Consumer Protection icon Consumer Protection

Military members and their families are prime targets for scammers, so learn more about safeguarding your personal information and finances.

Wouldn’t it be great if every scam or fraud attempt came with a convenient “decline” button, just like on your cell phone, to instantly protect you from financial harm?

Unfortunately, in the real world, it takes awareness, vigilance, and strong consumer protection measures to stay one step ahead of scammers.

Learn more about your legal rights and the preventative actions you can take to protect yourself from becoming a victim.

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Frequently Asked Questions

Military consumer protection refers to the laws and regulations in place to safeguard Service members from financial exploitation by scammers and unscrupulous organizations. It’s designed to protect you and your family from fraud, predatory lending, and unfair business practices.

Studies have shown that Service members and their families are often targets of unscrupulous businesses and are even more susceptible to scams and fraudulent activities than civilians. Safeguarding against such threats can protect your financial well-being and safety, empower you to make informed decisions about products and services and enable you to have peace of mind so you can focus on the mission.

There are many reasons Service members are at an increased risk of fraud. Steady income, military benefits and entitlements and their transient lifestyle are some of the main causes.

Identity theft is when someone uses your name, address, Social Security, bank or credit card accounts, or other personal information without permission to open accounts, steal your money or commit fraud or other crimes in your name for financial gain.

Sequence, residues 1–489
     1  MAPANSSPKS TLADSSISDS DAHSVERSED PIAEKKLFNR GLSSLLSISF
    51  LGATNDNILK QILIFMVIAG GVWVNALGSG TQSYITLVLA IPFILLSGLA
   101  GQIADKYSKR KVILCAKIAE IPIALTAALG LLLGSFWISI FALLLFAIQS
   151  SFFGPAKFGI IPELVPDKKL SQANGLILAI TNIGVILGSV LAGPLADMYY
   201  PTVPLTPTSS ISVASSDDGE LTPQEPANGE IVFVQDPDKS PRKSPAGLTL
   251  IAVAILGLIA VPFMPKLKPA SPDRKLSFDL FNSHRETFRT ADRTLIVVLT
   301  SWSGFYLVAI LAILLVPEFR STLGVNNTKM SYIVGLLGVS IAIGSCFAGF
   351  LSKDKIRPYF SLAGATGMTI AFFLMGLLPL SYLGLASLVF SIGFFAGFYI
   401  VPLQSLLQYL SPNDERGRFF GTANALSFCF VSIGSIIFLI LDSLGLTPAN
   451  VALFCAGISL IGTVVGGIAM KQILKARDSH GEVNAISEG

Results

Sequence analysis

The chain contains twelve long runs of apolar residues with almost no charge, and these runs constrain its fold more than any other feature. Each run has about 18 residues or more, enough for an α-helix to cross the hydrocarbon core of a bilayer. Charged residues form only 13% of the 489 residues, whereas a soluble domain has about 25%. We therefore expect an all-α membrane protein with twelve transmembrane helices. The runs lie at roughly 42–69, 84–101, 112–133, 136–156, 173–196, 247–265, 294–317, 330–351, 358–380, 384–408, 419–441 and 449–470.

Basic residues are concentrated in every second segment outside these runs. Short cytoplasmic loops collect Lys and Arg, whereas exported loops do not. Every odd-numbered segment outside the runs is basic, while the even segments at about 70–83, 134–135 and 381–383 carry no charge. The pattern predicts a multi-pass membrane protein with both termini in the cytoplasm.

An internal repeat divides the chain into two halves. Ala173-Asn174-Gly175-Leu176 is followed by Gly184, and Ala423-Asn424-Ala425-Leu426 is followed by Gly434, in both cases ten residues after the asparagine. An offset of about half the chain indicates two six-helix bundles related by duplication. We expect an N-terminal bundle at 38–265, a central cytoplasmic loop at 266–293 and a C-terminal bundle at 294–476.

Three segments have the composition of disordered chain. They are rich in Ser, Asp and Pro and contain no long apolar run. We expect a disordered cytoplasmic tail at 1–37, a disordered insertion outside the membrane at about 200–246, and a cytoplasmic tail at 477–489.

There are several proactive measures you can take to prevent identity theft.

  • Reduce access to personally identifiable information such as social security number, driver license, etc.
  • Don’t share personal information with third parties until you confirm their legitimacy.
  • Shred documents with personal information.
  • Review your account activity regularly to quickly spot suspicious transactions.
  • Create strong and unique passwords and change them frequently.
  • Be cautious of public Wi-Fi networks.
  • Check your credit reports regularly.
  • Take advantage of the free credit monitoring offered by the credit reporting agencies.
  • Consider getting an Identity Protection Personal Identification Number through the Internal Revenue Service (IRS).

Some important steps to take if you’ve been a victim of identity theft include:

  • Immediately notify your financial institution and close any fraudulently opened accounts.
  • Notify the three major credit reporting agencies – Equifax, Experian, and TransUnion.
  • Place a fraud alert and credit freeze on your account.
  • File a complaint with the Federal Trade Commission (FTC) at and make a recovery plan.
  • Stay vigilant and continue to monitor your accounts, credit reports and mail.

The SCRA is a law designed to provide legal protections and financial relief to Service members, including those in the Reserves and National Guard, during active duty. The Act provides a variety of benefits that help ease financial, civil, and legal burdens brought on by military service. One of the key protections it offers is limiting the interest rate on certain pre-service debts to 6%.

The Military Lending Act (MLA) is a federal law that is designed to help protect Service members and their families from predatory lending practices. It provides safeguards when obtaining certain types of consumer credit. Protections under the Act apply to active-duty Service members, Guard and Reservist on active duty for 30 days or more, and covered dependents of protected Service members.

Key Definitions